Knowing Cradle of Filth’s penchant for bells and whistles, I was not surprised when I felt the aura of this album to be overly pompous. The few brilliantly evil black metal riffs that arose were quickly suffocated in the muddled fantastical fluff for which the Filth is renowned. However, there were some truly poetic and dreamy moments that softened my formerly rigid pessimism. Be ye warned Filth lovers: as these words make their way across your abnormally colored contact lenses, know that the following response to the band’s latest release Hammer of the Witches is a tug-of-war between looking on the bright side and loathing the band’s general approach to black metal.
Let’s start with what went right. I will graciously admit that when it comes to instrumental tracks on this record, CoF succeeds in constructing haunting serenades full of dimension and beauty. Entrance and exit songs can grow tiring because often they don’t serve much of a purpose other than whooshing sounds and awkward chords. “Blooding the Hounds of Hell,” “Walpurgis Eve,” and “The Monstrous Sabbat” are all incredible tracks that showcase CoF’s know-how in making an orchestra sound as dark and foreboding as possible.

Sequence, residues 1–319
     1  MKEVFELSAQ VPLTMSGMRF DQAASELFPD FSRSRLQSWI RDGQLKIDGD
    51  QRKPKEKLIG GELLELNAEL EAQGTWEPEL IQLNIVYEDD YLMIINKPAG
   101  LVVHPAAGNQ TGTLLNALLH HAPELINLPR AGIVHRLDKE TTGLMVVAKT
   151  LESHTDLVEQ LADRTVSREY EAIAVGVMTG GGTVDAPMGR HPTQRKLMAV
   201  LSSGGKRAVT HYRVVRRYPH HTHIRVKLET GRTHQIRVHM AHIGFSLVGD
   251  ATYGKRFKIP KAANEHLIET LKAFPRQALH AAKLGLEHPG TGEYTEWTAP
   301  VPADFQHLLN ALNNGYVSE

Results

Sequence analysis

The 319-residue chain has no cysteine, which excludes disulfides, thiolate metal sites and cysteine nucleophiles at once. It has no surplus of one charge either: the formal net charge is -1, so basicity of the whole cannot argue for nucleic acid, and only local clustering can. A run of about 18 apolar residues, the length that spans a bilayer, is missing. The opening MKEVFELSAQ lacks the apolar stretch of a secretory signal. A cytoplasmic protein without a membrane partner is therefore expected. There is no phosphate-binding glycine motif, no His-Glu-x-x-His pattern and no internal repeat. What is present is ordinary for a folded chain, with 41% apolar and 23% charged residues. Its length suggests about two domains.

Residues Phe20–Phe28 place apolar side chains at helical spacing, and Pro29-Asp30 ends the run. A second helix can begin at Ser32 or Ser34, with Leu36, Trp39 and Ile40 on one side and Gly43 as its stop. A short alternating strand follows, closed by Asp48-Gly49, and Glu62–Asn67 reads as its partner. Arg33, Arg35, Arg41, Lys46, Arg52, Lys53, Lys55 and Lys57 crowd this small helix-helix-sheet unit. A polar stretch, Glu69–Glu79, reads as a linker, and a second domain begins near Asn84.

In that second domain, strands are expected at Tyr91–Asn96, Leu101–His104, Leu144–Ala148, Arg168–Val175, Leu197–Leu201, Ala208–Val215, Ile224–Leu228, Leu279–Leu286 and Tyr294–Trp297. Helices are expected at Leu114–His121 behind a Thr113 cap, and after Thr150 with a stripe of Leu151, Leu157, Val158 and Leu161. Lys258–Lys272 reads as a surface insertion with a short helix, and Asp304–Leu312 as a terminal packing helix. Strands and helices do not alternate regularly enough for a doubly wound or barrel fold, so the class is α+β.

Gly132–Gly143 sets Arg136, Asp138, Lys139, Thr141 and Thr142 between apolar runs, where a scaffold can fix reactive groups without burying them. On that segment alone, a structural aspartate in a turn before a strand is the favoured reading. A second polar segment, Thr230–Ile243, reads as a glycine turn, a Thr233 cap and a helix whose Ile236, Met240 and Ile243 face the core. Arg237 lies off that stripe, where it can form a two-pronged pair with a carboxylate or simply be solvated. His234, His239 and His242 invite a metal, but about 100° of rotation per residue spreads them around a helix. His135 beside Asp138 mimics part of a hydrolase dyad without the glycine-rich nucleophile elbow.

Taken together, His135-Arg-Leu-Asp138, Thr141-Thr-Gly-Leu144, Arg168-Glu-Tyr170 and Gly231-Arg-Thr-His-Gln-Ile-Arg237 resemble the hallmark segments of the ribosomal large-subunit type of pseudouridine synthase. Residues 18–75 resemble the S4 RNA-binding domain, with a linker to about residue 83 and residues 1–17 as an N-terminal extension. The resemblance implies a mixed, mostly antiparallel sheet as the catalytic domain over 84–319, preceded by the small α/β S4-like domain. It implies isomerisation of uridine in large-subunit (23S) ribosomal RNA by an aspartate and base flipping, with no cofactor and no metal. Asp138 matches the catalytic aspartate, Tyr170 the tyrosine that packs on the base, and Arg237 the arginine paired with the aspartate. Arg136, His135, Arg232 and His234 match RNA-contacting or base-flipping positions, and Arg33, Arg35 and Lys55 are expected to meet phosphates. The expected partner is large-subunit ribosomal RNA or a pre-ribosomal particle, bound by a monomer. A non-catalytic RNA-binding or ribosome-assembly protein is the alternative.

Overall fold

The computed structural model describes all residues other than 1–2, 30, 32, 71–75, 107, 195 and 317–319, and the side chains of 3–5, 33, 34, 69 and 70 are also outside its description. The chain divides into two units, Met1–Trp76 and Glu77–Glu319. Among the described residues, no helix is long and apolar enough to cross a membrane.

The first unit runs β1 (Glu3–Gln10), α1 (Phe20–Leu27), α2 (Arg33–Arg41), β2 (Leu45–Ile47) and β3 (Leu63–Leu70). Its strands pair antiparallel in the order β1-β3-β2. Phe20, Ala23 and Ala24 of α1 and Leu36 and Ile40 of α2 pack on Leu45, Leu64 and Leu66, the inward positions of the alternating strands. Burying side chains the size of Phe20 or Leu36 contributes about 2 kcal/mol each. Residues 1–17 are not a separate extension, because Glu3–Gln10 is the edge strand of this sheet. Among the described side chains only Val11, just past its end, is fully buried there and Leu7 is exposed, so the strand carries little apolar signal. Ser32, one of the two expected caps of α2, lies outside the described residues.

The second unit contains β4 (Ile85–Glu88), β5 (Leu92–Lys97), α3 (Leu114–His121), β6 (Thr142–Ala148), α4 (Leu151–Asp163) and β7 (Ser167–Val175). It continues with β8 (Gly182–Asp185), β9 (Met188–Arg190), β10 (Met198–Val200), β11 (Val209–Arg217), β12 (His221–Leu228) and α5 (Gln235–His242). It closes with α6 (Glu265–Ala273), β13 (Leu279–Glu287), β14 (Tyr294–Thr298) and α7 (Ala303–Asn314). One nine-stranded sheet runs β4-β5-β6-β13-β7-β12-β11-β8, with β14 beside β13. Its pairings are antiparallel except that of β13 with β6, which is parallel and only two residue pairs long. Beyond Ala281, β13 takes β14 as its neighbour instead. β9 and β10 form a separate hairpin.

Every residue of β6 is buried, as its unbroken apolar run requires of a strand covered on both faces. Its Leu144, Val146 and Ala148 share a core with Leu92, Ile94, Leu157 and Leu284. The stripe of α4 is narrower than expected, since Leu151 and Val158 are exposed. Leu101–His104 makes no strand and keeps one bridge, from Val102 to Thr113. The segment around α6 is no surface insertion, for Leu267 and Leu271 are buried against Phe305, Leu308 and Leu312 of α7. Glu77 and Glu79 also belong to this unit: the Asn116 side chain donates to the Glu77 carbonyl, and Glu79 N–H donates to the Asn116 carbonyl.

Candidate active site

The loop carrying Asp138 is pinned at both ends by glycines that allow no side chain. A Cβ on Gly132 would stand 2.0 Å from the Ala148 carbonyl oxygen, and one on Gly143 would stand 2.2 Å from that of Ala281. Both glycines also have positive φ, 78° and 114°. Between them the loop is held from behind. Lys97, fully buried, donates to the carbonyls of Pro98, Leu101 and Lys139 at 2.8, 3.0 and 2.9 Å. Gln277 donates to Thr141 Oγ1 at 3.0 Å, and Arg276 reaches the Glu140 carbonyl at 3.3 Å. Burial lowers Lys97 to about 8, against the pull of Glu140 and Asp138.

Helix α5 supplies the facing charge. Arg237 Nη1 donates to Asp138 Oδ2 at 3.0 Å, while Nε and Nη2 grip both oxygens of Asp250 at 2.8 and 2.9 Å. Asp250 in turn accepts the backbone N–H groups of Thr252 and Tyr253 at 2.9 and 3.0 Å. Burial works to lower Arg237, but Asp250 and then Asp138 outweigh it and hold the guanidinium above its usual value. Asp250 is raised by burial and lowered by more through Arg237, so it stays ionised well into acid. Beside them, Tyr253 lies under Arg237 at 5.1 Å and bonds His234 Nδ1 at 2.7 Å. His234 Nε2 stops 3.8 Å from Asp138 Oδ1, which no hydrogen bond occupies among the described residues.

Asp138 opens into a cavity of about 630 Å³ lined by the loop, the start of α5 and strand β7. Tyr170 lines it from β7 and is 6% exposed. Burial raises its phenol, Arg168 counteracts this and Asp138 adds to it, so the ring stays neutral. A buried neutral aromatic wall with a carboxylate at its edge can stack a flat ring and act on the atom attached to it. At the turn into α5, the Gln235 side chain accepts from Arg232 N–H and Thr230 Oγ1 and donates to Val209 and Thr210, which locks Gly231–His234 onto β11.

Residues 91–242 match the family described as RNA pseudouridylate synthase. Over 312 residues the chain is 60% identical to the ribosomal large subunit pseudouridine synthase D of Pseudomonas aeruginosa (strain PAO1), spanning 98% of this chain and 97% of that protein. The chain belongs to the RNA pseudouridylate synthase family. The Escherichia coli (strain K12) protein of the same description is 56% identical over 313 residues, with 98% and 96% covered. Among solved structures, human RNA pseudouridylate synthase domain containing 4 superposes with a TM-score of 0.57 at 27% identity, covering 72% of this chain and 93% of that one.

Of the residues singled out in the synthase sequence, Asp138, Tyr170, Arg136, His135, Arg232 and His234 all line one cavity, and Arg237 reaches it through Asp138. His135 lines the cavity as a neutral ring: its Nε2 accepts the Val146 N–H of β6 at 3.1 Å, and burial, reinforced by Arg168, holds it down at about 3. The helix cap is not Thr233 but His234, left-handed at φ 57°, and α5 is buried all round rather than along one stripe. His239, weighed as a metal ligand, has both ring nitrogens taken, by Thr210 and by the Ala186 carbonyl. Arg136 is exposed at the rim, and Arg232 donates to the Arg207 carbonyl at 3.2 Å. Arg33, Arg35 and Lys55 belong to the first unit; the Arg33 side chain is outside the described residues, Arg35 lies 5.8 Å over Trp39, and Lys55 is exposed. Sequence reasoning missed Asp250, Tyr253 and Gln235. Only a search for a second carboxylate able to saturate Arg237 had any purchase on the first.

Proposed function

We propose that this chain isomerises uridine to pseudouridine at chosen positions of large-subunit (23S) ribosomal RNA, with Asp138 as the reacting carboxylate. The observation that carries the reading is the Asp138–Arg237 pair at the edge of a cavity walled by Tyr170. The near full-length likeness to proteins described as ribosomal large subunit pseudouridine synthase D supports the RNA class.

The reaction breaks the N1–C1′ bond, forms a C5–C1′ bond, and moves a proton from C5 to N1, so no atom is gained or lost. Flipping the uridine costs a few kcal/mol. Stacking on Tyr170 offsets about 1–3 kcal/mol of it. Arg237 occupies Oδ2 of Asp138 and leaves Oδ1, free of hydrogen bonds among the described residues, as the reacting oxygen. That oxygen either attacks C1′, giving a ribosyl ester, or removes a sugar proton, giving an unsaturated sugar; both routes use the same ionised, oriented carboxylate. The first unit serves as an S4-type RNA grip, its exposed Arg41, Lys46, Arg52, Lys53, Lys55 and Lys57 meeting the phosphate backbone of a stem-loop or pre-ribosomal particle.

As I mentioned in my introductory paragraph, when it comes to making metal riffs these guitarists are fully capable of creating speedy and heavy passages. But there’s something about the way the symphony and metal weave to and from that makes me cringe as much as that one persistent motherfucker who insists on fitting two incompatible puzzle pieces together. “Yours Immortally” starts with a catchy piano riff that eventually leads into a speed-centric guitar line. When these elements start to intersect, I start to drown in all the oversaturated instrumentations. “Enshrined in Crematoria” trudges along to an interesting groove until Dani’s voice just ruins the heaviness for me. Then there’s the pagan “Right Wing Of The Garden Triptych” which sounds like an exile from a Stephen Sondheim musical.
If you are into the gothic, demon fairy-like aura of Cradle of Filth, then this will be much more to you than the blip on the radar that it was to me. If you are one of those true black metallers who will gouge someone’s eyes out the minute you hear an organ, Hammer of the Witches is the farthest thing from your jam.